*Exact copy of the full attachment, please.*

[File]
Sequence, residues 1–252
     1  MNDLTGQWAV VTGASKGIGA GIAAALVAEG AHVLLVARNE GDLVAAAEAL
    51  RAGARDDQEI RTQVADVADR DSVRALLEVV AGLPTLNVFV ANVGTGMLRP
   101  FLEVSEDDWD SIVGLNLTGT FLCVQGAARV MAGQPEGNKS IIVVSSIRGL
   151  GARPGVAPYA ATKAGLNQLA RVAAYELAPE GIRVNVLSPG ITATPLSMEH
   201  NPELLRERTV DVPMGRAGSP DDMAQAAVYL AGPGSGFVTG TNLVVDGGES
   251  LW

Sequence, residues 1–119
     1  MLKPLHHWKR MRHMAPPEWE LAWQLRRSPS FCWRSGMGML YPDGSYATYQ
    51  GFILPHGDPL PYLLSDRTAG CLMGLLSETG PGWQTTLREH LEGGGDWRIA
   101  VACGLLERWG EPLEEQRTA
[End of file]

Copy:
Sequence, residues 1–252
     1  MNDLTGQWAV VTGASKGIGA GIAAALVAEG AHVLLVARNE GDLVAAAEAL
    51  RAGARDDQEI RTQVADVADR DSVRALLEVV AGLPTLNVFV ANVGTGMLRP
   101  FLEVSEDDWD SIVGLNLTGT FLCVQGAARV MAGQPEGNKS IIVVSSIRGL
   151  GARPGVAPYA ATKAGLNQLA RVAAYELAPE GIRVNVLSPG ITATPLSMEH
   201  NPELLRERTV DVPMGRAGSP DDMAQAAVYL AGPGSGFVTG TNLVVDGGES
   251  LW

Sequence, residues 1–119
     1  MLKPLHHWKR MRHMAPPEWE LAWQLRRSPS FCWRSGMGML YPDGSYATYQ
    51  GFILPHGDPL PYLLSDRTAG CLMGLLSETG PGWQTTLREH LEGGGDWRIA
   101  VACGLLERWG EPLEEQRTA